Substances & Homeopatic Remedies

Aconitum cammarum

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Some species of Aconite were well known to the ancients as deadly poisons. It was said to be the invention of Hecate from the foam of Cerberus, and it was a species of Aconite that entered into the poison which the old men of the island of Ceos were condemned to drink when they became infirm and no longer of use to the State. Aconite is also supposed to have been the poison that formed the cup which Medea prepared for Theseus. (Note---Aconite and Belladonna were said to be the ingredients in the witches' 'Flying ointments.' Aconite causes irregular action of the heart, and Belladonna produces delirium. These combined symptoms might give a sensation of 'flying.'---EDITOR)

Monkshood or Wolfsbane has a long history of association with witchcraft. Having proved too dangerously toxic for the legitimate pharmacy, it fell to the province of sorcerers & witches. It was a believed by many Christians to be a common ingredient in witches' potions, as is the case in Nathaniel Hawthorn's great tale of "Young Goodman Brown." Monkshoods are occasionally named "Love Poison" because it was used in love potions, forever the most popular thing witches (or any crone with a lifetime of herblore in her) was asked to concoct. If the proportions were gotten wrong, or if it was over used when not effective on the first couple doses, the object of the potion's effect merely died.

Mixed with belladonna, it was thought to induce hallucinations, & a widespread but improbable story is that covens of witches rubbed a concoction of monkshood & belladona all over their bodies in order to fly, or at least imagine they were flying. The toxin can in fact be absorbed through skin, & can at least caused elevated sense of extreme well-being. So whether or not it was actually used within sorcerous covens, there seems little doubt that, given the nature of the human beast, it was often regarded worth the risk of death merely to get stoned.

In mythology, Monkshood was nefarious Medea's poison of choice. Ovid said she gathered it in Scythia, where it first grew from the slobber of three-headed Cerberus, the terrible dog that guards the gate to Tartarus. Pliny also tells the story of Hercules dragging the monstrous beast through its cavern to chain it to a pillar, & from its howling snapping jaws slavering froth flung out of cave giving rise to this plant in the mortal world. So when called "Dogbane," Cerberus the offspring of the Echidna is the dog meant.

The plant was sacred to Hecate, hence its archaic name Hecateis herba, the Dark-mother's Herb, which is probably also at the base of its title Queen Mother (or Queenmother of Poisons), as Hecate was Queen of Witches. Athena used the poison as well, sprinkling it on the head of the impious maiden weaver Arachne to turn her into a spider.

Claudius I, Emperor of Rome, was slain by his own physician who slipped him monkshood. It was so often used for political assassinations that that Trajon banned its cultivation altogether. Anyone caught gardening these flowers suffered the penalty of death.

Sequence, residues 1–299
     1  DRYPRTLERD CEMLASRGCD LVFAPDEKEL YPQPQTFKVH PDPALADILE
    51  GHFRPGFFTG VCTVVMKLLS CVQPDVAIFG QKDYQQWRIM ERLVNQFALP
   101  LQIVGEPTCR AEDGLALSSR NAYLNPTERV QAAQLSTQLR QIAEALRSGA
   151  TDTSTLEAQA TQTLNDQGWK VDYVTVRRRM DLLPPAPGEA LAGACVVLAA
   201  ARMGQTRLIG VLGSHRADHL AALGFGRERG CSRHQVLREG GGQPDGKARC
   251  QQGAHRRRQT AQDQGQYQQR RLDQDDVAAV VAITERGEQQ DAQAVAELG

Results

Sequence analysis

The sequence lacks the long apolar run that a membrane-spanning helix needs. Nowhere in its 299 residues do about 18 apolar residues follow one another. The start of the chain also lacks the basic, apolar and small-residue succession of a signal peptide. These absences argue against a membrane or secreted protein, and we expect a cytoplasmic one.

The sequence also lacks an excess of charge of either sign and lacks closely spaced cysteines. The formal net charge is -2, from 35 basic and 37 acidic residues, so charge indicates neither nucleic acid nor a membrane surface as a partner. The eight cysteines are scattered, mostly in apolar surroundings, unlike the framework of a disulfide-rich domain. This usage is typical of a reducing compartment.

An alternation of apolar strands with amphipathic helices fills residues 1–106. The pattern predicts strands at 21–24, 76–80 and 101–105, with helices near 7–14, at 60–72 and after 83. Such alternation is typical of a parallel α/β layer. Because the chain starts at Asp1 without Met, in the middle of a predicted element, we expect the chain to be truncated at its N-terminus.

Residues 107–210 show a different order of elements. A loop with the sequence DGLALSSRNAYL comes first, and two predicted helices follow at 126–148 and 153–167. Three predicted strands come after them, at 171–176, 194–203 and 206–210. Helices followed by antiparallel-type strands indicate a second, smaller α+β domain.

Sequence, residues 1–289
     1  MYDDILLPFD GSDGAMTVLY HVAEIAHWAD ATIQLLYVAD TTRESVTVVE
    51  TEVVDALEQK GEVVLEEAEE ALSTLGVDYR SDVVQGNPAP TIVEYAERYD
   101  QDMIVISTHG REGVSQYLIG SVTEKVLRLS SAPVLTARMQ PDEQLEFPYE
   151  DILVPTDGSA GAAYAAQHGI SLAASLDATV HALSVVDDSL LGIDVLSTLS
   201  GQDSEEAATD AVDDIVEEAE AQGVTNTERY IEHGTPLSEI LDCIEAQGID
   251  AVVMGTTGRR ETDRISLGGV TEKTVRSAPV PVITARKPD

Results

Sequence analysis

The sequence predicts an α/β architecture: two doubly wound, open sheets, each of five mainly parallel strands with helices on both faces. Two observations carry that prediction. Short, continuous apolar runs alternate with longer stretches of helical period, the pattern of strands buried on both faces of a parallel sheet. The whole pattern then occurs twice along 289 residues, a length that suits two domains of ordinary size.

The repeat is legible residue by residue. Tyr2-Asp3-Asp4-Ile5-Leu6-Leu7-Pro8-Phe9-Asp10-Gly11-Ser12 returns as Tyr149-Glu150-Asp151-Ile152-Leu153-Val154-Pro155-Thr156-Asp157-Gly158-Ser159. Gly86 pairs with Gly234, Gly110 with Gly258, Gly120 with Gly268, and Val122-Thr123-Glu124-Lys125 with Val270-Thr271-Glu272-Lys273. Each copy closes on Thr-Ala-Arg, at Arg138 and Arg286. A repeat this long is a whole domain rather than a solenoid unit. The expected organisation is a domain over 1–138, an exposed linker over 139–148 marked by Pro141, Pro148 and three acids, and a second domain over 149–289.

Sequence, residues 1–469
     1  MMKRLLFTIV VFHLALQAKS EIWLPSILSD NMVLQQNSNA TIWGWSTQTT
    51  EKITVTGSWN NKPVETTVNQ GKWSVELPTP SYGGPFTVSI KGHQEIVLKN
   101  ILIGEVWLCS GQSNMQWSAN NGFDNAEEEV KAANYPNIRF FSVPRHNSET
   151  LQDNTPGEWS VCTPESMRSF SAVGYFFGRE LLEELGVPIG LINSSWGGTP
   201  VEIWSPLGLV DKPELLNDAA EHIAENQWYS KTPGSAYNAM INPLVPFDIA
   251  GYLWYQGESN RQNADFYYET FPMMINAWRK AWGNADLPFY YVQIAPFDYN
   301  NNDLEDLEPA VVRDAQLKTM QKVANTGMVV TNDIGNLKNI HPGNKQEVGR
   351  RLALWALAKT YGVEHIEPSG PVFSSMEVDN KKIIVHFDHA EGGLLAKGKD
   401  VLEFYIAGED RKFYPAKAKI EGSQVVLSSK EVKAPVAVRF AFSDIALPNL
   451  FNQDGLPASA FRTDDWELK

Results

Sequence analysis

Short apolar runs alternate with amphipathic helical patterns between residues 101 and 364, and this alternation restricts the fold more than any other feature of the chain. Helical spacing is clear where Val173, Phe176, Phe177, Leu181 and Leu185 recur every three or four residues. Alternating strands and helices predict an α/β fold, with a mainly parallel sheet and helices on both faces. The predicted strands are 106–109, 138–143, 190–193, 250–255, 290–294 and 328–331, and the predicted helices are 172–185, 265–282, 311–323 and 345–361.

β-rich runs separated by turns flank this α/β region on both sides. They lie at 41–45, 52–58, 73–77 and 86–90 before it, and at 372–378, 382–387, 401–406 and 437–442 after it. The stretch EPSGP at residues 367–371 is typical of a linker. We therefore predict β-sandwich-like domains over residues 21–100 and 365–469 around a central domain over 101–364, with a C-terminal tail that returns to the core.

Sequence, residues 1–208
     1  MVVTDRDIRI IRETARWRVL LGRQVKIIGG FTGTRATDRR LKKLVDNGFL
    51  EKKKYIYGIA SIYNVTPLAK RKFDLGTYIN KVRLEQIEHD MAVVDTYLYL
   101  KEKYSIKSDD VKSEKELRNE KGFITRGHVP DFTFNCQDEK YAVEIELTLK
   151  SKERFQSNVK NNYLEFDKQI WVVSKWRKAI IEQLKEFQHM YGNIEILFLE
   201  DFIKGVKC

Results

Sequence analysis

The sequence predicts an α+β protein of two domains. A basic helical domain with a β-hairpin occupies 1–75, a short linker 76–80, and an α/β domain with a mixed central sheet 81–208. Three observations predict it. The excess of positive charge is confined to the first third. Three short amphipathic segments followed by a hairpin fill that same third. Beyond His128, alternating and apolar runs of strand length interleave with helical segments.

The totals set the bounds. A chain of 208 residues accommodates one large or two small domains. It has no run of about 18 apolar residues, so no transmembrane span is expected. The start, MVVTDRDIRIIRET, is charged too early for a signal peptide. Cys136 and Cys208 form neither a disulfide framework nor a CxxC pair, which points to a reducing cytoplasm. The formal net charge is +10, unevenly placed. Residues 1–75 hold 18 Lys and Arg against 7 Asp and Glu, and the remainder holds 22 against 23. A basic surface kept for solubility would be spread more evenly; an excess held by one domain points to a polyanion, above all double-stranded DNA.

It's use for murder is the subject of the Peter Ellis novel set in medieval England, Monk's Hood (1981), with Brother Cadfael the detective who must clear himself of suspicion. The plant is featured in many fictional murder mysteries, but not all such crimes are fictive. In a series of recent trials infamous in Japan, three women & one man were proven to have collectied millions of yen in their murder-for-insurance ring, the women having prepared for their husbands sweet-bean buns laced with monkshood. The trials ended in 2002, & all four are currently serving prison terms.

It was also useful for suicide, as in the case of the father of Leopold Bloom in James Joyce's Ulysses, as well as endless numbers of actual persons. But not all deaths have been intentional homicides or suicides, for Monkshood is sometimes mistaken for fennel or horseradish or other edible plant, as even the species name napellus or "Little Turnip" alludes to its resemblance to something edible. Somewhere around 1840, two Catholic priests arrived to dinner with other guests of the Provost of Dingwall. A servant obtained a radish from the garden for the guests to use as garnish on their meat, in consequence of which three at the table died, including Father Angus Mackenzie, Father James Gordon, & Father Gordon's grand-nephew.

A final tale belongs here since the species attached to this legend is certainly A. napellus & no other. Monkshood has another old folk-name, St. Dunstan's Herb, & in portraits of St. Dunstan, tenth century Archbishop of Canterbury, monkshood is often present. Dunstan was said once to have held the devil by the nose with a pair of red-hot tongs, forcing from him an oath to never again tempt the saint. Shortly thereafter Dunstan dreamt of an enormous branching spire of flowers shaped like the cowls of monks, & interpretted this as indicative of Christianity spreading throughout a future England ruled by Catholic clergy. A most curious legend for Catholics to tell of themselves. I'm sure Oliver Cromwell would've agreed Catholicism was a poisonous plant.